The Biggest Predictor of Success

Posted on August 29, 2013 by TNS Consulting Team (via Scott Spayd)

http://www.sxc.hu/browse.phtml?f=download&id=1007380Have you ever noticed that some coworkers, who are supposedly extremely intelligent and talented, fall short of others who do not possess the same skills? Do you ever see that employees who may not have the most impressive credentials are actually very successful in their work? If so, you may have witnessed a pattern that has been recently studied and described by psychologists, such as Angela Lee Duckworth at the 2013 TED conference, that explains why this can occur.According to Duckworth, it was not IQ that best predicted success in classrooms and other learning situations, but rather, a trait known as “grit”. Grit can be described as a sort of self-discipline or resiliency that helps an individual to persevere when something is difficult. This finding is notable because many researchers support the claim that IQ is the biggest predictor of success in school and in job performance (assuming that the work is cognitive rather than physical) but what if this is no longer the case? According to Duckworth, possessing grit is more important than being smart.

In my own experience, being closely connected to the world of higher education, I have seen this a few times with individuals who are supposedly the “smart ones” with high test scores and impressive educational backgrounds. However, sometimes (but not always!) these individuals provide less than stellar performance in group settings and put forth little effort. Then, others who have less talent on paper can sometimes be those who work the hardest and are ultimately more successful. Duckworth mentions that her research team’s data shows that not only is talent generally unrelated to grit, but sometimes it can even be inversely related.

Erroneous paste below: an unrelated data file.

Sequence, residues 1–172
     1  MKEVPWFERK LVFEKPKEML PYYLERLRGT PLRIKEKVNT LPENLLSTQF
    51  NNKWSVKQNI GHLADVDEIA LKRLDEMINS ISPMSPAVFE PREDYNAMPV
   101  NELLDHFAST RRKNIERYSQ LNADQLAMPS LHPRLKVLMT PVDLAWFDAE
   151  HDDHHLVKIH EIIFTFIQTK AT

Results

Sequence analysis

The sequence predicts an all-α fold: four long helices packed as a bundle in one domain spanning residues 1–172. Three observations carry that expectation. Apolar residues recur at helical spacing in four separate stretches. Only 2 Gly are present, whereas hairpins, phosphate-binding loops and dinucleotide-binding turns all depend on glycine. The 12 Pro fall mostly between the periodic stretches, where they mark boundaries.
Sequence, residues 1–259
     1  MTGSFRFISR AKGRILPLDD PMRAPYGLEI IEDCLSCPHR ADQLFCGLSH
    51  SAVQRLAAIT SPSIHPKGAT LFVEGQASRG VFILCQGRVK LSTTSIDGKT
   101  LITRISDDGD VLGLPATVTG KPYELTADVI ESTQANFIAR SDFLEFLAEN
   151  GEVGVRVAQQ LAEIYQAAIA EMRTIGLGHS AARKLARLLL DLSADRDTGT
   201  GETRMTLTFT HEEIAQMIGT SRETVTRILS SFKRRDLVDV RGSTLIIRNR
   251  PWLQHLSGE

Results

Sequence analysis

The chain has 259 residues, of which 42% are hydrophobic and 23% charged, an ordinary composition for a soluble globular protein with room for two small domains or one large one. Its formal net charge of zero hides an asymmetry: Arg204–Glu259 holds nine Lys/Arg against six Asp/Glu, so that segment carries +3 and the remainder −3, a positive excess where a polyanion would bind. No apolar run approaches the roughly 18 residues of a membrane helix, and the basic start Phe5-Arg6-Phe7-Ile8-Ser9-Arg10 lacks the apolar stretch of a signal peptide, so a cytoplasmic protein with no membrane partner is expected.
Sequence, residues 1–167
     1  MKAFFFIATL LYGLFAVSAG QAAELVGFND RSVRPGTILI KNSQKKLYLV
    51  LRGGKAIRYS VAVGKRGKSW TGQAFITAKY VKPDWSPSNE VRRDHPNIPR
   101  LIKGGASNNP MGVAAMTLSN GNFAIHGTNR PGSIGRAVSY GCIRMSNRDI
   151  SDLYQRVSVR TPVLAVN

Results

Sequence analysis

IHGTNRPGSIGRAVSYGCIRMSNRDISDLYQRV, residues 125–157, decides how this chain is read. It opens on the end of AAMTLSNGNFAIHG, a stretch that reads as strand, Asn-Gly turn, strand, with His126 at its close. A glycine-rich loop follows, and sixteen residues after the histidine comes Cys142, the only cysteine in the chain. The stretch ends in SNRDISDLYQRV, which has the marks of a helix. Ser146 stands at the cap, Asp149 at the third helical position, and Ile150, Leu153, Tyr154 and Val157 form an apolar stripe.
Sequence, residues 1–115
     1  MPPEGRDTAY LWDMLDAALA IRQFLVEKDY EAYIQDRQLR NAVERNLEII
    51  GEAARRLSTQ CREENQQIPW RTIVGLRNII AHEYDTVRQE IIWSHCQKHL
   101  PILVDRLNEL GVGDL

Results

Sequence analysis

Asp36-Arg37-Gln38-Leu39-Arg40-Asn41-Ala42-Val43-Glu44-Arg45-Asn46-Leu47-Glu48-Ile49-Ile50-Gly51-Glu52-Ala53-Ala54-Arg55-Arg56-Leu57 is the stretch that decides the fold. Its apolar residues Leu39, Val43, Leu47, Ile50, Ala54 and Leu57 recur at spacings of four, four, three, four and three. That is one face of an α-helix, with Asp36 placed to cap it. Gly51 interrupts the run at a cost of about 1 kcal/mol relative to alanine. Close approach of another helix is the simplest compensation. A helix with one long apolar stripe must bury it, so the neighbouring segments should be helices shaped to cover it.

What implications do you think this information has for workplaces? Should HR managers begin to rethink hiring practices? How would you go about making others more “gritty”.

Reference: Lee Duckworth, A. (2013, May). The key to success? Grit. [Video file]. Retrieved from http://www.ted.com/talks/angela_lee_duckworth_the_key_to_success_grit.html

 

TNS Consulting Team (via Scott Spayd)

About TNS Consulting Team (via Scott Spayd)

Great companies know that it takes highly engaged employees to retain customers and make their brand promise come alive. To make the connection between your employees, customers and brand, you need a partner with deep expertise across several areas. Only KANTAR TNS has over two decades of employee survey experience, as well as access to the consultative and research resources of the world’s largest customer satisfaction benchmark database and brand analytics research. Whether you have 200 employees or 200,000, Kantar TNS has the expertise and the advanced measurement, reporting, and follow up tools you need to deliver on your employee and customer brand promise.

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